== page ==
Happiness

 

Happiness; what is it?  How do we define it? When do you feel happy?  Is it when you buy something you find desirable, when you’re engrossed in an activity you enjoy, when you spend time with fam

“If we take a (neuro) scientific approach, we can explore what really happens when we feel contentment, as the brain releases ‘happy’ chemicals, which affect us in different ways:

Dopamines play a role in pleasure and reward behaviourdancer
Serotonins act as a mood stabiliser and prevent depression
Endorphins possess morphine-like effects and block pain
Oxytocins provide feelings of love and trust

By understanding how these chemicals originate, we can simply stimulate our own brain to produce more of them – and elevate our level of happiness.   Happiness then is mainly dependent on us, our actions and our thoughts.  It is a conscious choice and a state of mind that can be cultivated.  The more we understand how our brain works, the more we can gain the ability to change the way we think – and feel.

We can re-wire our brains by training ourselves to be more aware of positive aspects of life with simple techniques:

Positive thinking: this not only affects our view of the world, but also can lead to more happy thoughts as the brain releases some of its supply of happy chemicals

Mindfulness exercises: these help us cope with the difficult thoughts that cause stress and anxiety

Gratitude: being thankful can reduce toxic emotions, ranging from envy and frustration to regret

Physical exercises: get moving!  It boost energy, especially outdoors as light stimulates the brain chemicals that improve mood.”

There are many approaches we can use to stimulate those happy brain chemicals.  Massage relaxes the body, turns off the brain noise and negative thought loops, relieves tension and fatigue leaving you refreshed and rejuvenated.  Indian Head Massage is especially good for releasing beneficial brain chemicals notably the endorphins that create a feeling of contentment and happiness.

I highly recommend keeping a gratitude journal; simply writing down 3 things that you are thankful for each day attracts more into your life. This simple practice has enabled me to increasingly notice just how blessed I am.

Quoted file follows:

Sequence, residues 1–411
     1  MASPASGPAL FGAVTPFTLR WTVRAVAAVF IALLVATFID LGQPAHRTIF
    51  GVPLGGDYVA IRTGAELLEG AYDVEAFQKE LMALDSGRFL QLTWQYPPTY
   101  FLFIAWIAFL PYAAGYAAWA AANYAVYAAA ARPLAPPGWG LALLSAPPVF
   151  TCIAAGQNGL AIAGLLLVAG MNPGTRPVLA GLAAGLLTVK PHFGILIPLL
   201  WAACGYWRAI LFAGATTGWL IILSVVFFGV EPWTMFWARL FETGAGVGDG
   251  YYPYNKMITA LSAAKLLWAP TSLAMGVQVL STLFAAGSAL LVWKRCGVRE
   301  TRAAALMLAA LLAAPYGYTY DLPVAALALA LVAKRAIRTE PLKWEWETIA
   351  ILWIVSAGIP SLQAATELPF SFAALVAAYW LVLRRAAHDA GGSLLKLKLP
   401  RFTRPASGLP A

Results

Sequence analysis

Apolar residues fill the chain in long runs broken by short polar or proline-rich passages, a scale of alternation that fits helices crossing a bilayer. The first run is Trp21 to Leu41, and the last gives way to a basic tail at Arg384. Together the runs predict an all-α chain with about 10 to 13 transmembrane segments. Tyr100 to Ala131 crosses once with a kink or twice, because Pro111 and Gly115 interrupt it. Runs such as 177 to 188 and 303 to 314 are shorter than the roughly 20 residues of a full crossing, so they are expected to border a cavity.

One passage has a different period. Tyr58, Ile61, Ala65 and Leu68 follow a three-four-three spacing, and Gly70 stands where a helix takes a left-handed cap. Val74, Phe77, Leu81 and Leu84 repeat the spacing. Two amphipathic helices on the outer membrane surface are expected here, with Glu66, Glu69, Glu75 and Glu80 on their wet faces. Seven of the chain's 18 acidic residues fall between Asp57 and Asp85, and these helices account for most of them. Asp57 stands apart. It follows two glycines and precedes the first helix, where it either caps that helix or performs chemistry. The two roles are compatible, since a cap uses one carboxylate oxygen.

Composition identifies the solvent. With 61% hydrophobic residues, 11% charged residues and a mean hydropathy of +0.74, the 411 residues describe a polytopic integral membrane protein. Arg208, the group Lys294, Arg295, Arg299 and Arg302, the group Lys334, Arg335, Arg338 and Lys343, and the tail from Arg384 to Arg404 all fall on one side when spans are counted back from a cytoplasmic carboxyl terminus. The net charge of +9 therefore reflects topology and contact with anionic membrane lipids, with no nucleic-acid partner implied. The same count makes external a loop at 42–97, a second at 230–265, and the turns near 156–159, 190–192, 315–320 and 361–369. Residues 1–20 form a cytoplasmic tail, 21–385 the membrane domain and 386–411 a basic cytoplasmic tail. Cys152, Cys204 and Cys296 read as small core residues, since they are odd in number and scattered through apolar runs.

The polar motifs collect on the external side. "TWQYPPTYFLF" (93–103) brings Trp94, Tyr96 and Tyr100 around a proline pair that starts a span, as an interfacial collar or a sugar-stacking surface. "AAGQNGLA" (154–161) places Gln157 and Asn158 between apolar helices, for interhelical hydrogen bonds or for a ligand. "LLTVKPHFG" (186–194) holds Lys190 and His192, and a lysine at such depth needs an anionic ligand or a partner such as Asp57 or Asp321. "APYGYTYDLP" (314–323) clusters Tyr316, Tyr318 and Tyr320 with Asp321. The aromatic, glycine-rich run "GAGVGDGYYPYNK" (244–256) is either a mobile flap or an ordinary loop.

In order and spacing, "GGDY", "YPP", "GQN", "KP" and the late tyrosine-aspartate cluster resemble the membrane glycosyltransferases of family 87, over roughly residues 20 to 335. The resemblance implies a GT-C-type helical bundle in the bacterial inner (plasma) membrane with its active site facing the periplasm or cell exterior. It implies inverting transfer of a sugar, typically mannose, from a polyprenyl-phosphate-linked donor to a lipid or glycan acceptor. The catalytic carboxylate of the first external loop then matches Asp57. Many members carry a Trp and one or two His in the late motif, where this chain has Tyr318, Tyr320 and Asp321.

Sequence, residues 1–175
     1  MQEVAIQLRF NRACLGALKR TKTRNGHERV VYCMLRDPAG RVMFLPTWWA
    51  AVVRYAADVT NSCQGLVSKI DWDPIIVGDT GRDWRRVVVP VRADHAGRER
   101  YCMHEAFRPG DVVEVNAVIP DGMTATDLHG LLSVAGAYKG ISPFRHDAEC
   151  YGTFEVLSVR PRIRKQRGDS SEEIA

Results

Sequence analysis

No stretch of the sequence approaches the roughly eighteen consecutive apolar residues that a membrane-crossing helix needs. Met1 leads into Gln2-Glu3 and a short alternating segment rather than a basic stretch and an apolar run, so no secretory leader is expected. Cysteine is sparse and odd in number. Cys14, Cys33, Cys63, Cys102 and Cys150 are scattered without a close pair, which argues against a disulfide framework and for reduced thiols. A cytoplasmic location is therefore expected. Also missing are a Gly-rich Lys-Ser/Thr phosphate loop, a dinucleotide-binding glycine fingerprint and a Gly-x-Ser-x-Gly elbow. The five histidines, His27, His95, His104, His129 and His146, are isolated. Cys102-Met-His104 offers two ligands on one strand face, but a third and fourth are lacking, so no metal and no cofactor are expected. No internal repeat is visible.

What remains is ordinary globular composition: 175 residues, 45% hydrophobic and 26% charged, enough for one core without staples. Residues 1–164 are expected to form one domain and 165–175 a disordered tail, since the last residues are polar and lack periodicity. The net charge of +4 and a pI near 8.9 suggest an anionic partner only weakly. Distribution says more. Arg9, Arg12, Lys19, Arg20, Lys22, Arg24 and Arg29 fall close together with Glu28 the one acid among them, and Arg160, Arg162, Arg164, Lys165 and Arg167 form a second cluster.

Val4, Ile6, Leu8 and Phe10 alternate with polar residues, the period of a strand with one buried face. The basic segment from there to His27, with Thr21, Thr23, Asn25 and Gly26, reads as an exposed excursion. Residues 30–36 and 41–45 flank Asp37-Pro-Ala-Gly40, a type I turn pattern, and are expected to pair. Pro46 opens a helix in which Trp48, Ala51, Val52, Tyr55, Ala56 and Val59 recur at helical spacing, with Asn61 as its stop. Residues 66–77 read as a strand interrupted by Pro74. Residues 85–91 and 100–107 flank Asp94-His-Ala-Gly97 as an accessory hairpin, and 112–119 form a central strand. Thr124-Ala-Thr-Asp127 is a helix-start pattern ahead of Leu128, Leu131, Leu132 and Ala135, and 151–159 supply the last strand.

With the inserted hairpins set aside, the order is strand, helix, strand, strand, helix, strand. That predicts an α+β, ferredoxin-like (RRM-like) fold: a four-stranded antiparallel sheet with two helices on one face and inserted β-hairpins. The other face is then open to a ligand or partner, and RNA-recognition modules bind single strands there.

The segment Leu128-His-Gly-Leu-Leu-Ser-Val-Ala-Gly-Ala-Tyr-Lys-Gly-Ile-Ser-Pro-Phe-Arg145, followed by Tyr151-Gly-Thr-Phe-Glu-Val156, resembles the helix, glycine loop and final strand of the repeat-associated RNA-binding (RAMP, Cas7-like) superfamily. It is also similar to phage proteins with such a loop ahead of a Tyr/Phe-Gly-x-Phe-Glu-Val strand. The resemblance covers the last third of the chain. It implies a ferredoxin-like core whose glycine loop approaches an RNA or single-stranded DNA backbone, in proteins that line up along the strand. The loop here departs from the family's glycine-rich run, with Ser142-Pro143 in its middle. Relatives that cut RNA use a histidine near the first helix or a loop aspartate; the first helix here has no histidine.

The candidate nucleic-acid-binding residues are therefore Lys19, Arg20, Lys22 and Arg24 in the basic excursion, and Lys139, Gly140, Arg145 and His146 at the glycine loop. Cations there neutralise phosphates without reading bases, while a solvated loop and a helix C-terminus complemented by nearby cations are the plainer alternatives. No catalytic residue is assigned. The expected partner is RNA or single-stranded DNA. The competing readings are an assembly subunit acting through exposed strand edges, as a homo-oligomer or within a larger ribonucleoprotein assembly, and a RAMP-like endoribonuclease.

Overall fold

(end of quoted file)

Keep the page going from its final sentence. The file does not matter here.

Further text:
Hypnotherapy is another wonderful, beneficial practice worth investing in as it focuses on helping you regain control and choice in your life.

In the last month I have also been scheduling a weekly walk in nature with the intention of visiting places I’ve not yet been to.  Varying from woods to beaches and coves, each adventure is bringing me so much pleasure as I consciously and mindfully experience the environment.  I use all five of my senses to bring myself to the moment – taking note of what I can hear, smell, taste, see and touch.  The air feels different depending on where I am.  The sunlight trying to penetrate the places between the tree branches takes on a different effect than the low sunlight skimming the surface of the sea making it sparkle and almost dazzles the eyes.

Never underestimate the healing power, freedom and happiness you feel when blasting out your favourite music and dancing around the house like a kid.  

I choose to be happy.  Feel free to get in touch if you’d like to experience the benefits of any of the therapies I offer.

(Quotes are taken from an article featured in Breathe Magazine Issue 3 by Anne Guillot)

ily or friends?  Are you happy knowing you’re healthy or is it that you just feel unhappy when you’re unwell?  Do you know you’re happy in the moment or do you experience it when you look back at a time that brings with it feelings of happiness?  Why is it that one person’s experience of being happy can be completely different to another’s?  If we’re not happy how can we produce the feeling?

New research on chronic pain

This week’s issue of New Scientist magazine (26th November 2016) featured an article on recent research into chronic pain.  Acute pain is felt when we suddenly injure ourselves, for example stubbing your toe – OUCH!  foot and stoneChronic pain is defined as lasting more than 12 weeks and it’s estimated that 10 million people in the UK and a fifth of the world’s population experience it.  Chronic pain has been thought to be a false message transmitted to the brain the purpose of which is to prevent us doing the same thing again.

The immune system also responds to chronic pain, triggering feelings of lethargy, anxiety and depression in order to encourage us to rest and recover from the illness or injury.